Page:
Susanne 🙂

    • Thanks for the encouraging words, Susanne, as always. And I should have managed to work “impending nuptials” into the story – great line!

      As for Charlotte, we’re told in the book:

      Her reflections were in general satisfactory. Mr Collins, to be sure, was neither sensible nor agreeable; his society was irksome, and his attachment to her must be imaginary. But still he would be her husband… however uncertain of giving happiness, [marriage] must be their pleasantest preservative from want. This preservative she had now obtained; and at the age of 27, without having ever been handsome, she felt all the good luck of it.

  6. One of these days Mr. Collins will choke on some of the words he speaks, but I trust that when it happens he is sure not to notice, since I believe that he likes the sound of his voice much more than the affect of the words themselves. If only he knew what you have in store for him !

    • Yes, he will choke, Melanie, as you allude to, but on something more substantial than his own words!

      (For those not in on the joke, see The Darcys of Pemberley or Mr Collins’s Last Supper)

  7. Such an entertaining scene! I admit I never thought at all about how the Lucas household would have reacted to the news of the engagement (probably because thinking about ANYONE being married to Mr. Collins makes me kind of ill). But you did a great job imagining this missing scene and and it actually makes me feel a little bit better knowing that several people were given joy by the situation.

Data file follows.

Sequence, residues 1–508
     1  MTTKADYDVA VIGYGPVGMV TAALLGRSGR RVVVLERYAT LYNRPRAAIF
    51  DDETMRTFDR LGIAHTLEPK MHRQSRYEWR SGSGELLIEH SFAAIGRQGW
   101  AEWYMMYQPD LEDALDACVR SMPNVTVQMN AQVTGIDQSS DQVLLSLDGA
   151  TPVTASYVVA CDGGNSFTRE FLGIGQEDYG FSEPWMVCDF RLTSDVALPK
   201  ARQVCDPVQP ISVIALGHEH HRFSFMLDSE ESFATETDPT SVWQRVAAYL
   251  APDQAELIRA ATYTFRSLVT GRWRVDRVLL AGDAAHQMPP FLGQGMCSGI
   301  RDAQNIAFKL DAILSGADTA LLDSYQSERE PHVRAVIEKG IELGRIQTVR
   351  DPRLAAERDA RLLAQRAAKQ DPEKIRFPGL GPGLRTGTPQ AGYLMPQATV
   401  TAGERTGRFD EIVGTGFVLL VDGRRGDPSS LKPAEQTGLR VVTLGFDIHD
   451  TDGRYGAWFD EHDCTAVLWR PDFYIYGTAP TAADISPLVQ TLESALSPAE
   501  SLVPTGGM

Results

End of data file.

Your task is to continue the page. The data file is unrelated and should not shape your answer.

• Glad you enjoyed it! I just let my imagination extrapolate from what we’re given in the original text (chapter 22 of P&P). As I said in the intro, I highly recommend rereading this passage. It’s some of JA’s wittiest narration, imho. Makes me chuckle every time!

  8. Everyone above has said it so well. Knowing Mr. Collins I was looking for him to go on and on with his effusions and just about never get to the point! But he did and I, too, liked how you had Charlotte say…her day’s work. She does have some wisdom and can “handle” Mr. Collins well. Which she will need for a long time to come.

    Thank you for this additional excerpt to my favorite story.

      • Yes, I did read that but I am thinking more along the lines of just filling in chapters for P&P…didn’t think of your oh-so-funny book. Shame on me. And I shouldn’t laugh at that either but am excusing myself in that it is a book.

        But still Charlotte was prepared even if it was only a needed skill for a short time. I won’t go into how one variation had her get respite in another way, MA only type! Yikes. Not how I want to think of Charlotte.

        • No problem, Sheila! You’ve read more than one P&P continuation. I only think of my own. Rescuing Charlotte was one of my top priorities. The other was to prevent Mr. Collins reproducing! Worthy goals, I hope you would agree.

          • I am Laughing Out Loud at your comment about Mr. Collins reproducing…imagine having him and Lady Catherine influencing a young child’s development! Yikes.